Carnegie Mellon University
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Deriving Candidate Technical Controls and Indicators of Insider Attack from Socio-Technical Models and Data

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posted on 2023-05-11, 21:37 authored by Michael HanleyMichael Hanley

The insider threat continues to be one of the prime issues facing  government entities and organizations across critical infrastructure sectors. Extensive catalogues of case material from actual insider events have been used by CERT, part of Carnegie Mellon University's Software Engineering Institute, to create socio-technical models of insider crime to help educate organizations on the risk of insider crime. Building upon this work, this paper seeks to demonstrate how a useful method for extracting technical information from previous insider crimes and mapping it to previous modeling work can create informed candidate technical controls and indicators. This paper also shows current examples of case material and candidate indicators that have een successfully converted into well-received insider threat training modules.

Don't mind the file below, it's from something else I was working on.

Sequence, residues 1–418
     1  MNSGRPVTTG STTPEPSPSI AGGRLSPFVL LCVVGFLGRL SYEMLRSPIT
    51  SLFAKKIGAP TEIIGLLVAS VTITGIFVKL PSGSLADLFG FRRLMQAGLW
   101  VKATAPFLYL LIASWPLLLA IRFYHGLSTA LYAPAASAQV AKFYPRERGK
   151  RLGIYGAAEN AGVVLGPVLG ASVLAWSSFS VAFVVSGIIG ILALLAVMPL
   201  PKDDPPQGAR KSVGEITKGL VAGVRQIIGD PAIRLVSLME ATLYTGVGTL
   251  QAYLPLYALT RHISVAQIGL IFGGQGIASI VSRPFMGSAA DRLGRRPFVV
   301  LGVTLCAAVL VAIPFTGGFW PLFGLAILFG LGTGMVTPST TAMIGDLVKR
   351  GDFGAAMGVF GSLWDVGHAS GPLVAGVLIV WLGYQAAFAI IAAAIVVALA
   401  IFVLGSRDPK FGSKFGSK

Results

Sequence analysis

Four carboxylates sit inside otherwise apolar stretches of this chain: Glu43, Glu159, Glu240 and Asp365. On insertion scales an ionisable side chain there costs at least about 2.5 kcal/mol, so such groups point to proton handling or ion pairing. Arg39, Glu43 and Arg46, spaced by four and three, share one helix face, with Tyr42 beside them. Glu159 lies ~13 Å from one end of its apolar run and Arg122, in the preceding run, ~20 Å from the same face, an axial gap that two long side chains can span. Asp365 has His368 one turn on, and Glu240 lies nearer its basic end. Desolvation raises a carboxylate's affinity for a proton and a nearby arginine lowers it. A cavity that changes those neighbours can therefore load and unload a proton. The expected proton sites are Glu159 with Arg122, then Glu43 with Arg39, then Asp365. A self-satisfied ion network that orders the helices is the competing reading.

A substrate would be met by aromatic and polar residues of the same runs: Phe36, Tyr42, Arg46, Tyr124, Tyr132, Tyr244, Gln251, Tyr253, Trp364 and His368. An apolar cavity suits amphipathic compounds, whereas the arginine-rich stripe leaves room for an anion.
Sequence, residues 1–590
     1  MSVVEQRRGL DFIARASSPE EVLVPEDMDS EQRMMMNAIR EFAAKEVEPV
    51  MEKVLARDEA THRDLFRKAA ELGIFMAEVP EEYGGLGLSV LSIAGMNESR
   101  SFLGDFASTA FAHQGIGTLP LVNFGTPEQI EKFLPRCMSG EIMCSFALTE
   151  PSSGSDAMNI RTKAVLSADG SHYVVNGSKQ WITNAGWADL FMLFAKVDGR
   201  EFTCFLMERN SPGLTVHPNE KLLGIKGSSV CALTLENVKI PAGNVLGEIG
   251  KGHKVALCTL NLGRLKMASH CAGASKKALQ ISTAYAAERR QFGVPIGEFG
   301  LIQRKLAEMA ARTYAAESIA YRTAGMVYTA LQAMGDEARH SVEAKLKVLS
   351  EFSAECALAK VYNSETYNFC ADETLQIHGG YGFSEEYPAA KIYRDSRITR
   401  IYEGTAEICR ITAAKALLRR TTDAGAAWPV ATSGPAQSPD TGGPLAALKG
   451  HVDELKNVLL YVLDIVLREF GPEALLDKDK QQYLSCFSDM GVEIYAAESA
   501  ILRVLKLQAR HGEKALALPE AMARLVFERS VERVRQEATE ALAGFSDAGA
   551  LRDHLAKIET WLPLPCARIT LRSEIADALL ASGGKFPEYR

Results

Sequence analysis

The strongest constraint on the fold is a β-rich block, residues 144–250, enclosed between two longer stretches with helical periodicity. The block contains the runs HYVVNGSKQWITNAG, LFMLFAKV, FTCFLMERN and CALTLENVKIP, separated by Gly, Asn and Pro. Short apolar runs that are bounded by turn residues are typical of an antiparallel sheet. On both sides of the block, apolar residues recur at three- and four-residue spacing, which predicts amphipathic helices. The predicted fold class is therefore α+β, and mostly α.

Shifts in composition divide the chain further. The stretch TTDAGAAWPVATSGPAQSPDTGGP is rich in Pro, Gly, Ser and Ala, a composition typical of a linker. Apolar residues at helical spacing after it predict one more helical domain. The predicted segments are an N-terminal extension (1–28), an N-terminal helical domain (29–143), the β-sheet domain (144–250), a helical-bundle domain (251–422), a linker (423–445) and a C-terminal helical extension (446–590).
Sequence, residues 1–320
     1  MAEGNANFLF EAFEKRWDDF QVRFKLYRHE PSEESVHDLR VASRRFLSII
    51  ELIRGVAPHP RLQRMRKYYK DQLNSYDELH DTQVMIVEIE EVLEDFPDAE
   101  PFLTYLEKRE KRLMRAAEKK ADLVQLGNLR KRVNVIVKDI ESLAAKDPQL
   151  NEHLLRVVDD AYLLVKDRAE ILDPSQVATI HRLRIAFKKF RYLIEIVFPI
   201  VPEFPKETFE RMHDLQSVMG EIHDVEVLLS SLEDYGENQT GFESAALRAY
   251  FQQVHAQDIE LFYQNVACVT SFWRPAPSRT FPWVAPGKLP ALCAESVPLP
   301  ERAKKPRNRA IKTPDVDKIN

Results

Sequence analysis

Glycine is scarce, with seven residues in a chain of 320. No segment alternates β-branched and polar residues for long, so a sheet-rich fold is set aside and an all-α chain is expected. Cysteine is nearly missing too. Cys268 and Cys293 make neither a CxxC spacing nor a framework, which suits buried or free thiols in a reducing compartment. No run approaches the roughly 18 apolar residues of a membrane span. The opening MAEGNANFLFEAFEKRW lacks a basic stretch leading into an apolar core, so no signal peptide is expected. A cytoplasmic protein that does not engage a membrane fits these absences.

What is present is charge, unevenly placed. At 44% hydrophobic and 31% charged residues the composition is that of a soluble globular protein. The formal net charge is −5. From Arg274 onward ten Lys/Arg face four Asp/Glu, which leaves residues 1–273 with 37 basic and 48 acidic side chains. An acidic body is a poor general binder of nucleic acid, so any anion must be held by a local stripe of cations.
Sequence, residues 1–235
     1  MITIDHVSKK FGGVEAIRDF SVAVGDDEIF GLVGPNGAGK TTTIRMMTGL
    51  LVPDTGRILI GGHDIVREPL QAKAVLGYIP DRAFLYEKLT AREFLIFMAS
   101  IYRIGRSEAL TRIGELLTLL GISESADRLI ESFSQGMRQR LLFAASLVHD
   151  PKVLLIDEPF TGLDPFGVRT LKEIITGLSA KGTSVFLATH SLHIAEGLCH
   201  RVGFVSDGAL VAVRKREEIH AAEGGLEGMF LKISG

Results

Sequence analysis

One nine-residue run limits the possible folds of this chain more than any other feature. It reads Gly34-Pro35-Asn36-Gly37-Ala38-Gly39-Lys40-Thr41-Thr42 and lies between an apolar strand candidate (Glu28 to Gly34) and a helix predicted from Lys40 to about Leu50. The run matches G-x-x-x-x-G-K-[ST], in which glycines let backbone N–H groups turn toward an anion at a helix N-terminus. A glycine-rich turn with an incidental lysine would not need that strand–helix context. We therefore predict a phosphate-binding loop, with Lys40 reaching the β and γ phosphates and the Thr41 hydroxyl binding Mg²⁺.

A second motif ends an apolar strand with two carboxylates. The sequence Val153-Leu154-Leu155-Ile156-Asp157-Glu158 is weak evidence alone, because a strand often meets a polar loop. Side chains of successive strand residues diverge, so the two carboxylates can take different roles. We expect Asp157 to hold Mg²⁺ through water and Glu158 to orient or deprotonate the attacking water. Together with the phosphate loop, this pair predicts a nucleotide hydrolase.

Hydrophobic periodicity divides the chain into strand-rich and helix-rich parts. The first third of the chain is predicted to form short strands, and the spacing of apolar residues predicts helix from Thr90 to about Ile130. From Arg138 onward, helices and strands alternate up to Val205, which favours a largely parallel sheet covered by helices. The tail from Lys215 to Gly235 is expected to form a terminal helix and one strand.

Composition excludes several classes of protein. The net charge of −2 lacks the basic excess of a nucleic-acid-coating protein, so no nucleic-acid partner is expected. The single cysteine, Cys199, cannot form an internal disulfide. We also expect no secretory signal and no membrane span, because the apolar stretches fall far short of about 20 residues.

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This material is based upon work funded and supported by the Department of Defense under Contract No. FA8702-15-D-0002 with Carnegie Mellon University for the operation of the Software Engineering Institute, a federally funded research and development center. The view, opinions, and/or findings contained in this material are those of the author(s) and should not be construed as an official Government position, policy, or decision, unless designated by other documentation. References herein to any specific commercial product, process, or service by trade name, trademark, manufacturer, or otherwise, does not necessarily constitute or imply its endorsement, recommendation, or favoring by Carnegie Mellon University or its Software Engineering Institute. This report was prepared for the SEI Administrative Agent AFLCMC/AZS 5 Eglin Street Hanscom AFB, MA 01731-2100. NO WARRANTY. THIS CARNEGIE MELLON UNIVERSITY AND SOFTWARE ENGINEERING INSTITUTE MATERIAL IS FURNISHED ON AN "AS-IS" BASIS. CARNEGIE MELLON UNIVERSITY MAKES NO WARRANTIES OF ANY KIND, EITHER EXPRESSED OR IMPLIED, AS TO ANY MATTER INCLUDING, BUT NOT LIMITED TO, WARRANTY OF FITNESS FOR PURPOSE OR MERCHANTABILITY, EXCLUSIVITY, OR RESULTS OBTAINED FROM USE OF THE MATERIAL. CARNEGIE MELLON UNIVERSITY DOES NOT MAKE ANY WARRANTY OF ANY KIND WITH RESPECT TO FREEDOM FROM PATENT, TRADEMARK, OR COPYRIGHT INFRINGEMENT. [DISTRIBUTION STATEMENT A] This material has been approved for public release and unlimited distribution. Please see Copyright notice for non-US Government use and distribution.



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Copyright 2011 Carnegie Mellon University

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